Born in Cape Town, South Africa, contemporary artist Lhola Amira responds to the wounds left by colonization across many disparate contexts to create spaces for healing through connection to the earth, the ancestral, and the spiritual.
Join us for a conversation with the artist led by Natasha Becker, curator of African art at the Fine Arts Museums of San Francisco, as the two discuss Amira’s commitment to reckoning with historical and ongoing forms of cultural and ecological violence, THEIR cross-disciplinary art practice, as well as THEIR hopes for the future.
This conversation is part of the arts of Africa permanent collection exhibition, Lhola Amira: Facing the Future which opens to the public on Saturday, December 17, 2022. It will be followed by a 10 to 15-minute audience Q+A.
Watch the livestream
About the speakers
Lhola Amira, with Khanyisile Mbongwa, was born in 1984 in Gugulethu, South Africa, and currently lives in Cape Town, South Africa. Amira’s practice includes Appearance (whenever the artist is physically present), photography, video, and sculpture presented under the term Constellations (a sacred space and gesture toward sacred healing). The artist Lhola Amira is an ancestral body coexisting in the body of Mbongwa. The pronouns THEY/THEM/THEIR are used in Appearances and in conversation about THEIR plural existence. Amira was recently included in NIRIN, the 22nd Biennale of Sydney, and Raupenimmersattism: The Affluent Society as Consumed Society or the Myth of Endless Production and Consumption at SAVVY Contemporary in Berlin.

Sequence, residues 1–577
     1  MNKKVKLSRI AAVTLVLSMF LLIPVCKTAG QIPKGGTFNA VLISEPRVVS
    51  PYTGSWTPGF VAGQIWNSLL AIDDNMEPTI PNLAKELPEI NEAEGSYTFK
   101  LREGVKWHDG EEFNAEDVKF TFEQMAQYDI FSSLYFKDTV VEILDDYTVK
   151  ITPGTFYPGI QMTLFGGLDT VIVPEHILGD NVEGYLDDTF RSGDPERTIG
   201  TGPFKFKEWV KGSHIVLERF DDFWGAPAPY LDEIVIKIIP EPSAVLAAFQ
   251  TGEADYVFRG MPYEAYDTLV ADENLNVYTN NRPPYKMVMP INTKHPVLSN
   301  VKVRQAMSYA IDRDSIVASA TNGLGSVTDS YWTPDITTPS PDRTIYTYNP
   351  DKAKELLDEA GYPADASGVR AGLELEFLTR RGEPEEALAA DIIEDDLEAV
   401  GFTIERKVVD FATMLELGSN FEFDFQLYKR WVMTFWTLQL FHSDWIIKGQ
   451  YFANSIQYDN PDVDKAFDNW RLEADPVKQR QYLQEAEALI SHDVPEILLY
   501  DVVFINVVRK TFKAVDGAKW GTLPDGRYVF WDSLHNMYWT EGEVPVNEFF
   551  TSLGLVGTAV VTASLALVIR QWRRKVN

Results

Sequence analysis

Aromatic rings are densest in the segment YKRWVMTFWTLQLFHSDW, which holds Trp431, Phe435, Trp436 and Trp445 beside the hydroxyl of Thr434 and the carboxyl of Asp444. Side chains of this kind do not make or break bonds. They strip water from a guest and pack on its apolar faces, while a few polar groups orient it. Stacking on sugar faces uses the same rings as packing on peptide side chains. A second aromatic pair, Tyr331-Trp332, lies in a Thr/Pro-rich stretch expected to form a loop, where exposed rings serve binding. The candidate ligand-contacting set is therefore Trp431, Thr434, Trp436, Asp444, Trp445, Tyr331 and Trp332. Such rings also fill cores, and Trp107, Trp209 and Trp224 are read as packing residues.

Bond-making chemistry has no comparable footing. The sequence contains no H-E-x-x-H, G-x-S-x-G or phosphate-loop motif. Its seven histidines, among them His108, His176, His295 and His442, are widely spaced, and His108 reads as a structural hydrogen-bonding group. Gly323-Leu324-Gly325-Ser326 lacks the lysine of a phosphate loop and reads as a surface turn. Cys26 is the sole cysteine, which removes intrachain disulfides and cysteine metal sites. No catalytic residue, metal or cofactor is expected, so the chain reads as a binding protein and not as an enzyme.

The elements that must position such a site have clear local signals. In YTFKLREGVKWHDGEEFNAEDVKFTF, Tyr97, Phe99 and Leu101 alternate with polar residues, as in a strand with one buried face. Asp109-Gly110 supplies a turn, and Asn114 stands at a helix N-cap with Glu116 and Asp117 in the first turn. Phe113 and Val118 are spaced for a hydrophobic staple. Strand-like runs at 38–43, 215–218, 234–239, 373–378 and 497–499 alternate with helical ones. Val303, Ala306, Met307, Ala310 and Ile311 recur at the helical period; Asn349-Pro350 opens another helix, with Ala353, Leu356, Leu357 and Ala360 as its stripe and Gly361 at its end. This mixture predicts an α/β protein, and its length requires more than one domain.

Natasha Becker is the inaugural curator of African art at the Fine Arts Museums of San Francisco and oversees the permanent collection of 19th- and 20th-century art from west and central Africa. She is exploring new curatorial concepts, acquisition strategies, and special exhibitions that will interpret the African art collection as a living and evolving culture and practice.
About the exhibition
Lhola Amira: Facing the Future launches a new program of special exhibitions that will interpret the African art collection as a living and evolving practice through the lens of contemporary art. Facing the Future is a resource for today’s troubling times, reminding us of our deep and profound connection to the earth and to each other.
Masking is strongly recommended, but no longer required for members of the public or employees while in the museum.
Seating is limited and unassigned. Program tickets are distributed on a first-come first-served basis in front of the Koret Auditorium an hour before the program begins. This does not include admission to the museum.